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New Target Desperately Tries to Fit Into the East Village: Does It Hit the Mark?

(Photos: Tara Yarlagadda)

I had been caught in the pouring rain without an umbrella, and my shirt was soaked through like a wet dog on the night of the East Village Target’s soft opening. “This is a bad omen,” I muttered, the weather not improving my already lukewarm attitude toward the behemoth chain store right across from my home in the East Village. As a resident of 14th Street, I had walked by the 27,000-square-foot, two-floor Target at 500 East 14th Street nearly every day for the past year, spanning its early construction all the way up to its glitzy opening day. To confess: until yesterday, I– like many East Villagers— found the Target to be a mostly unwelcome eyesore and a reflection of the hyper-gentrification of the neighborhood. It didn’t help that one of my go-to Chinese food joints had been shuttered in 2017 in the same location. Sitting atop the Target are luxurious, $3,695-per-month apartment units.

As I peered into the store’s open windows and looked at the svelte mannequins sporting trendy summer dresses, I thought that it resembled something more akin to a Saks Off Fifth than the decidedly un-hip Targets of my suburban California childhood. But by the end of the store’s opening that night, I’d become mostly convinced that if a megastore must take over a corner of the East Village, it might as well be Target.

How did they convince me? Target plans to open up a new store on the Lower East Side in August and is coming to Kips Bay and Hell’s Kitchen next year. Part of the brand’s commercial success in metro New York may lie in its distinct appeal to the communities it serves. That’s evident from the moment you walk in the store and spot the pastel-pink mural designed by Vault49, which spans the length of the checkout area and references Avenue A and the Nuyorican community of the Village and LES. Or the kombucha in the grocery aisles and the sliced toasted coconut chips hanging near checkout, perhaps catering to the area’s millennial population.

A mural in homage to the East Village behind the Target checkout counter.

“When we think about going into a community, we spend a lot of time talking to guests and understanding what they would be looking for from Target,” said Target spokesperson Erin Conroy. “Making sure the store fits the flavor not just from an assortment perspective but from an aesthetic perspective as well.”

The East Village store’s team leader, Steve Dyba, echoed comments along a similar line. “I think we really have an opportunity to become the neighborhood store.”

Some might balk at the idea of Target becoming the “neighborhood” store in the once-burgeoning artists’ community. But gesturing towards a toy set which she intended to purchase for her grandchildren, Susan Stetzer, district manager for Community Board 3, said, “Where could I buy Harry Potter LEGO in our community? I can’t. I can’t. So I think people are excited about buying things that are no longer available in our community.”

I spoke with both Stetzer and Alysha Lewis-Coleman, chair of Community Board 3, near the first-floor produce section. Both were generally pleased with the new Target, which they said had been consulting with the community board prior to the store’s opening to hire local employees.

“Jobs are so needed and so scarce right now. I’m just happy they created another job source for families and young people in this area,” said Coleman. She added, “They wanted to do right by the community.”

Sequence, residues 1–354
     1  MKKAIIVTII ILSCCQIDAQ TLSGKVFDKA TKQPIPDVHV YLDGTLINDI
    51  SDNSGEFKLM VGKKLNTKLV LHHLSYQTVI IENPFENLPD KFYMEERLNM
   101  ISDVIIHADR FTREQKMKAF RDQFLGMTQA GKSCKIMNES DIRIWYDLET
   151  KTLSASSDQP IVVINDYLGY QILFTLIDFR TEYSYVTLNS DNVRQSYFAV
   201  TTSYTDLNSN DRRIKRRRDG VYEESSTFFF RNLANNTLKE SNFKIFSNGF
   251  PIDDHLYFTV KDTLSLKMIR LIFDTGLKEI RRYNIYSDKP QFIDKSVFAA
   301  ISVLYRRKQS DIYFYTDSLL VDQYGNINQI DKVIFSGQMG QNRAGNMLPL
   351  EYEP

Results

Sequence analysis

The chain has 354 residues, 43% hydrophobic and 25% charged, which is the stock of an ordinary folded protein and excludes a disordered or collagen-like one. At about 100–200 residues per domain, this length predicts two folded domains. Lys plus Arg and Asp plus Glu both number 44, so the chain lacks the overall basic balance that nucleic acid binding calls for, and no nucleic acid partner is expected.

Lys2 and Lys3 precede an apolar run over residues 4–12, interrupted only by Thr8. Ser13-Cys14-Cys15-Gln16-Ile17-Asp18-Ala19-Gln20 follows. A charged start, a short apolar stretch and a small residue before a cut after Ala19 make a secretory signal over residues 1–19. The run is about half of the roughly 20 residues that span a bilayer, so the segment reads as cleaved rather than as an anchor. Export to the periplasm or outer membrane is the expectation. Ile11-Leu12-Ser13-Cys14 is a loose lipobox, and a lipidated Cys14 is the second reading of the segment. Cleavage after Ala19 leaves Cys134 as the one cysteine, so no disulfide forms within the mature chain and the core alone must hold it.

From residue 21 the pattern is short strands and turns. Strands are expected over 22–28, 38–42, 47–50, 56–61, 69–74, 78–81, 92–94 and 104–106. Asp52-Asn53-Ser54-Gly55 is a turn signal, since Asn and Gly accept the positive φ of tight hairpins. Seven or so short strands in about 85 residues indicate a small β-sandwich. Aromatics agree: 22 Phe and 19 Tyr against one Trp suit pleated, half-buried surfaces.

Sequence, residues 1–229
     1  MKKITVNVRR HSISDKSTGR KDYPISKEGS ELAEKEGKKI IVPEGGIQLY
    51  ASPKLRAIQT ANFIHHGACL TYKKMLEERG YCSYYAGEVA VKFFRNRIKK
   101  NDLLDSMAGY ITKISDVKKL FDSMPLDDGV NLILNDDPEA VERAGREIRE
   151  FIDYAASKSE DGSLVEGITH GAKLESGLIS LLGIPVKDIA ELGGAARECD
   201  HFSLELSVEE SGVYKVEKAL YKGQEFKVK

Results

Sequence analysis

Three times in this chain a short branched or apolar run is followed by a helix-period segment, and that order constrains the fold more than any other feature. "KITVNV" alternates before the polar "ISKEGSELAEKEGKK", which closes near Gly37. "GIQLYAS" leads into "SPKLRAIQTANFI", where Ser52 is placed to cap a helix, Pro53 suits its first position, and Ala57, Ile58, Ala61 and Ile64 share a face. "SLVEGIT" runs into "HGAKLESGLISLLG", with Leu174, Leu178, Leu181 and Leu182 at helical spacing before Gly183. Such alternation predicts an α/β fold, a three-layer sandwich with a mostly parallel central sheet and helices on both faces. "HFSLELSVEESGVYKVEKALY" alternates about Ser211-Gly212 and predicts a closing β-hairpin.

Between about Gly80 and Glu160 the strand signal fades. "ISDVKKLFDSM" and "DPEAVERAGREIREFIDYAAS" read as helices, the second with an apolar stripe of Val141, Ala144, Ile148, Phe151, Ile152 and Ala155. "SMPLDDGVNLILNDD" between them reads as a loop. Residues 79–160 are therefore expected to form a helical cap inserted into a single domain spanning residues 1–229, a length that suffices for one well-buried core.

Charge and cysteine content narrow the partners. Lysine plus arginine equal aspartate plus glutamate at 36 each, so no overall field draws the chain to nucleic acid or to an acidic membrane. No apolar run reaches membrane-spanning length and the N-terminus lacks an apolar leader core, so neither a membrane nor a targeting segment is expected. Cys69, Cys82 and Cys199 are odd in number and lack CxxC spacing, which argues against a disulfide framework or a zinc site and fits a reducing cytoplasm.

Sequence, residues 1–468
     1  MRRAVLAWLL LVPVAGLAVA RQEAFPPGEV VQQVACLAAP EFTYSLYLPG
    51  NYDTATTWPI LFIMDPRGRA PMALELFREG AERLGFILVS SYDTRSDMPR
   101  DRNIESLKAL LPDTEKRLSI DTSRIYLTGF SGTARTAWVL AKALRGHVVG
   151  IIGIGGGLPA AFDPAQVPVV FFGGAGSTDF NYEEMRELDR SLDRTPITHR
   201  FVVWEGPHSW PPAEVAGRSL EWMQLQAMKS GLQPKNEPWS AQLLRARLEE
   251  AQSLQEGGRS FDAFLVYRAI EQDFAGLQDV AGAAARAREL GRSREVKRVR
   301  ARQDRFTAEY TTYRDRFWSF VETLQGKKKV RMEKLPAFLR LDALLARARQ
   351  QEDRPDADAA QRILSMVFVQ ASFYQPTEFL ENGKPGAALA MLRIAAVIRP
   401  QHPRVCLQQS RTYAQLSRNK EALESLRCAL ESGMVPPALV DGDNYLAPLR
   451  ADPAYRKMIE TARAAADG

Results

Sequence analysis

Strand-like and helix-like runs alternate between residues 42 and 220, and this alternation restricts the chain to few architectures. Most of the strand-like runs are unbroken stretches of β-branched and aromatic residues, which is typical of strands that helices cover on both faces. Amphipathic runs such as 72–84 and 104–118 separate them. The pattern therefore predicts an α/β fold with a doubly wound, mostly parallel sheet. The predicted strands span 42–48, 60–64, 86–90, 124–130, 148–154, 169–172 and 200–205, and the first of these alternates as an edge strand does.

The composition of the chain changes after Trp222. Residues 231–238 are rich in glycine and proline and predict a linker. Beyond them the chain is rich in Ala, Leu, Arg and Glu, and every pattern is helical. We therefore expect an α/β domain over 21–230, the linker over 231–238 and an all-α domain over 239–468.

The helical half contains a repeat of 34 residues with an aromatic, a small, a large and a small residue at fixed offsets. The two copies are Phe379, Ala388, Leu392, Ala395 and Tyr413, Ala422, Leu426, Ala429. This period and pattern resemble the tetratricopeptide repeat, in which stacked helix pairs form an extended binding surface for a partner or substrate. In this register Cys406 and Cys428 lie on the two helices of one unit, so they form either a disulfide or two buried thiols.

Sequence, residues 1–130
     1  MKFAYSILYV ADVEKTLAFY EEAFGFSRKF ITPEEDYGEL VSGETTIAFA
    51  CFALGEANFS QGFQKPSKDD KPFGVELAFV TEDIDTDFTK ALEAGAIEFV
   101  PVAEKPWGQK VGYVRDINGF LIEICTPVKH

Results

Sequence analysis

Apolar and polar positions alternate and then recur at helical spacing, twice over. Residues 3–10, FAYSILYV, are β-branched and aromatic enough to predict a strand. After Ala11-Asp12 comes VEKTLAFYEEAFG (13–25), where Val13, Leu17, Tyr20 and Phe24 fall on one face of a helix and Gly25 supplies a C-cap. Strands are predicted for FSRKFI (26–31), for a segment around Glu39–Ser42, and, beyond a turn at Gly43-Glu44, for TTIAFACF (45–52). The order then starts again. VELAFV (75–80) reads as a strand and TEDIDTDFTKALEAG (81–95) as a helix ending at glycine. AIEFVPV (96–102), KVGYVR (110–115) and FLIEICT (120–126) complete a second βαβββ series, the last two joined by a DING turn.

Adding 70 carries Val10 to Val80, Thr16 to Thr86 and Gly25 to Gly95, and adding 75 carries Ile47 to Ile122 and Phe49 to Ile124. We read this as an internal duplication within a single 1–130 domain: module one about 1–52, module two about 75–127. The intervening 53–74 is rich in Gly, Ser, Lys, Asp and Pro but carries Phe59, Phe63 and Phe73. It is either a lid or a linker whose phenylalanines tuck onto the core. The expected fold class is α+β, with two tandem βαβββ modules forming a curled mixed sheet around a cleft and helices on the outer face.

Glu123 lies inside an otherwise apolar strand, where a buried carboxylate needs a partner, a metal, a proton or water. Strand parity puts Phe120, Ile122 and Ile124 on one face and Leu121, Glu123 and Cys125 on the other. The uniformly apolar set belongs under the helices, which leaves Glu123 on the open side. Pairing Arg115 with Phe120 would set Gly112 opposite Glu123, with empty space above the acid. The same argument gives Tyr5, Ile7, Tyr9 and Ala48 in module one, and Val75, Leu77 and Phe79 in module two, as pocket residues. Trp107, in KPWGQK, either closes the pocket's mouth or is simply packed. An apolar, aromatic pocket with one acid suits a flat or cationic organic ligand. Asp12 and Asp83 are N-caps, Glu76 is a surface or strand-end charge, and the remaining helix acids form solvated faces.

A Target employee adjusts an item of clothing.

Over the course of the night, I did, however, learn that not all store employees were from the area. Not including senior Target team leaders or communications officials, I spoke to two of the store’s 110 employees. Neither of them lived in the East Village. Many employees who were not from the area seemed to be part of the extended Target family, such as Teresa G., a lively young woman who had been promoted from her previous station in Queens to oversee home goods and other items here in the East Village.

The star of last night’s show was the iconic English bull terrier and Target mascot Bullseye. I wondered how they had managed to paint the Target emblem—a bullseye, of course—around the pooch’s eye. I then decided better of it. Attendees gleefully posed for photos with the terrier, who was perched atop his own pedestal.

Employees pose for a picture with the Target mascot.

Following that, attendees sipped red wine, chowed down on mini Korean BBQ tacos being passed around by servers, and explored the store’s wares, which included an array of women’s wear and reasonably-priced produce on the first floor, as well as apparel and home goods—including a Target-owned men’s clothing brand and candles affixed with the image of Jesus Christ—on the lower level. The odd, but somehow fitting assortment of items made me think that while this Target would never become a beloved neighborhood fixture, it was going to do just fine. Maybe I would even stop by and pick up some of their $2.99 mini watermelons to make a summer slushie. But as I left, I frowned, asking myself, “Am I a sellout? Or just adjusting to the changing reality of the East Village?”

The East Village Target is located at 500 E 14th St.  The store launched for its soft opening yesterday. Its grand opening will take place on July 21.

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Popular Skate Spot at Columbus Park in Limbo Due to Renovation

An empty recreational facility at Columbus Park (Photos: Tara Yarlagadda)

At the intersection of Baxter and Worth Streets, adjacent Columbus Park’s basketball courts, some olive-green workout equipment and a fire-engine red jungle gym sit unused. Plastic sheets cover the workout equipment and the jungle gym lays barren, practically begging buff dudes in muscle tees to do some pull-ups. A sign on the cordoned-off fence surrounding the site reads “Work in Progress.” But during a recent visit there were no workers or construction materials in sight.